Delaware Antiques Show general admission tickets include all special lectures. Continue to check the website for updated information on Saturday and Sunday lectures.
"Stylishly Traditional: Celebrating Twenty-Five Years of Jayne Design Studio"
Friday, November 6, 10:00 am (show opens at 11:00 am)
A well-decorated room includes something old—an antique chair or a chest of drawers with family history—and perhaps the view of an ancient landscape or a venerable tree. So says this year’s Honorary Chair of the Delaware Antiques Show, interior designer Thomas Jayne. Don't miss this great keynote lecture to kick off this year's show! Book signing to follow lecture. Included with general admission. Jayne will autograph copies of his books American Decoration: A Sense of Place and The Finest Rooms in America: Fifty Influential Interiors from the Eighteenth Century to the Present following his lecture.
About Thomas Jayne
Jayne is the founder of the internationally acclaimed, award-winning Jayne Design Studio and a former Winterthur fellow. Celebrating 25 years in the industry, he credits his guiding philosophy—that history is the core component of good design—to his years at Winterthur. It was further refined during study at the Metropolitan Museum of Art, Historic Deerfield, and the J. Paul Getty Museum and while a decorator at two of America’s most iconic design firms, Parish-Hadley and Associates and Kevin McNamara, Inc. Thomas Jayne is also a noted author, frequently writing on historical themes in art, architecture, and decoration.
"Collecting American Furniture within a Changing Marketplace"
Saturday, November 7, 2:00 pm
“The desk I bought for $7,500 in 1998 is now worth $2,500.” Comments of this sort have become the common refrain of collectors since the recession of 2008. What happened? Why did it happen? What does the future hold? Join Brock Jobe as he reviews the antiques scene of the past two decades and offers hope to those collecting American furniture.
About Brock Jobe
Professor Emeritus at Winterthur, Brock Jobe recently retired after a 43-year career in the museum field. He has held curatorial positions at the Museum of Fine Arts, Boston; Colonial Williamsburg; and Historic New England. In 1992 he joined the staff at Winterthur as Deputy Director of Collections and Interpretation and in 2000 moved into the post of Professor of American Decorative Arts. He has taught graduate courses in historic interiors, decorative arts, and twentieth-century design in the Winterthur Program in American Material Culture. Brock co-authored New England Furniture: The Colonial Era (1984), edited Portsmouth Furniture: Masterworks from the New Hampshire Seacoast (1993), and co-authored Harbor & Home: Furniture of Southeastern Massachusetts, 1710‒1850 (2009). Most recently he helped direct the collaborative project Four Centuries of Massachusetts Furniture, which united 11 institutions in a celebration of Bay State furnituremaking through exhibitions, publications, and programs. He is a recipient of the President’s Award from Old Sturbridge Village and the Award of Merit from the Antiques Dealers’ Association of America.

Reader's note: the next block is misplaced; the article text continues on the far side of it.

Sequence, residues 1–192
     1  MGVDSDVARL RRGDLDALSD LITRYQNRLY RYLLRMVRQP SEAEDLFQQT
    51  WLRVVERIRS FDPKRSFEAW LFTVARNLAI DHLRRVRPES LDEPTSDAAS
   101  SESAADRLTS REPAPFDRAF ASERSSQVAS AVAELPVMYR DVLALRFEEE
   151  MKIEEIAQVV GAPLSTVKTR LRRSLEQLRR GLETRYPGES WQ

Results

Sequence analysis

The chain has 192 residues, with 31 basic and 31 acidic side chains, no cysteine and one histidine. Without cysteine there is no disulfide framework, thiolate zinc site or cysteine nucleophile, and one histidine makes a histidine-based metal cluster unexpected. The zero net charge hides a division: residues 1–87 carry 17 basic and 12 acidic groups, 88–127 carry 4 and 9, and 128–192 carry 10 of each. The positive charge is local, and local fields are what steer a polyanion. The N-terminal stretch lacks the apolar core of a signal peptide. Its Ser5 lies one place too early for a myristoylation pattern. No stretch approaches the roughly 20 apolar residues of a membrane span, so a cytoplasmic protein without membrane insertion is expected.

“ 'Stand Fast in the Liberty': A Rare Waistcoat Belt”
Sunday, November 8, 2:00
Join Matthew Skic as he relates the fascinating story behind a Winterthur textile purchase at the 2014 Delaware Antiques Show that was thought to be one thing but turned out to be an extremely rare example of something completely different! Relive the journey of sleuthing and research that led to the important discovery of this largely unrecognized article of male clothing.
About Matthew Skic
Matthew Skic is a Lois F. McNeil Fellow in the Winterthur Program in American Material Culture. He grew up in central New Jersey and developed a passion for the American Revolution. He studied history at American University, worked as an historical interpreter at Washington Crossing State Park, and interned at the National Museum of American History and the Museum of the American Revolution. He is writing his master’s thesis on small-arms manufacturers in Philadelphia during the War for Independence.
"Influences from Abroad: Biedermeier Chairs in a New York Town House"
Sunday, November 8, 2:00 pm
“Dolly Parton” chairs at Winterthur? With their voluptuous silhouettes and dramatic curves, two unique 19th-century side chairs in the Empire Parlor certainly fit the description! But why the distinctive design? Who made the chairs? Are they European or American? Come decide for yourselves as Willie Granston lays out the compelling evidence.
About Willie Granston
Willie Granston, a native of Mount Desert Island, Maine, received his undergraduate degree from Trinity College, where he majored in art history and French, with a minor in architectural studies. During his junior year, he studied the political symbolism of French architecture at the Institute d’études politiques de Paris. He is a Lois F. McNeil Fellow in the Winterthur Program in American Material Culture and is researching the life and legacy of Elizabeth Colt, of Hartford, for his master’s thesis.